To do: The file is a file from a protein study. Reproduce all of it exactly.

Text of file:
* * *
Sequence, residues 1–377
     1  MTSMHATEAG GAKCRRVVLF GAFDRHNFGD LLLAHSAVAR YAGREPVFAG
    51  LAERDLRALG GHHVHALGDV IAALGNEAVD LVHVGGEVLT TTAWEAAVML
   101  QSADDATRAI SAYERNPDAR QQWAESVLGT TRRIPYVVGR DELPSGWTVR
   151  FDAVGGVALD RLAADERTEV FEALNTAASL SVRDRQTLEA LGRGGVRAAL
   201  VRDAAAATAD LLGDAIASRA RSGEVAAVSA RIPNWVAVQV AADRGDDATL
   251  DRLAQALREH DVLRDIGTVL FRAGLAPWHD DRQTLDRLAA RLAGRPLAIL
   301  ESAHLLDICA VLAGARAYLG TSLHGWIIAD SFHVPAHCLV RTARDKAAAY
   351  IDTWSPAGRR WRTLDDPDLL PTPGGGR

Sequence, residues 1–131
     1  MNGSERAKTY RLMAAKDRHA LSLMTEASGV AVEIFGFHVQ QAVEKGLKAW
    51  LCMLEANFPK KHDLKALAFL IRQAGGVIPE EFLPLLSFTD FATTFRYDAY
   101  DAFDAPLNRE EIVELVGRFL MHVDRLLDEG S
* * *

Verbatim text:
Sequence, residues 1–377
     1  MTSMHATEAG GAKCRRVVLF GAFDRHNFGD LLLAHSAVAR YAGREPVFAG
    51  LAERDLRALG GHHVHALGDV IAALGNEAVD LVHVGGEVLT TTAWEAAVML
   101  QSADDATRAI SAYERNPDAR QQWAESVLGT TRRIPYVVGR DELPSGWTVR
   151  FDAVGGVALD RLAADERTEV FEALNTAASL SVRDRQTLEA LGRGGVRAAL
   201  VRDAAAATAD LLGDAIASRA RSGEVAAVSA RIPNWVAVQV AADRGDDATL
   251  DRLAQALREH DVLRDIGTVL FRAGLAPWHD DRQTLDRLAA RLAGRPLAIL
   301  ESAHLLDICA VLAGARAYLG TSLHGWIIAD SFHVPAHCLV RTARDKAAAY
   351  IDTWSPAGRR WRTLDDPDLL PTPGGGR

Sequence, residues 1–131
     1  MNGSERAKTY RLMAAKDRHA LSLMTEASGV AVEIFGFHVQ QAVEKGLKAW
    51  LCMLEANFPK KHDLKALAFL IRQAGGVIPE EFLPLLSFTD FATTFRYDAY
   101  DAFDAPLNRE EIVELVGRFL MHVDRLLDEG S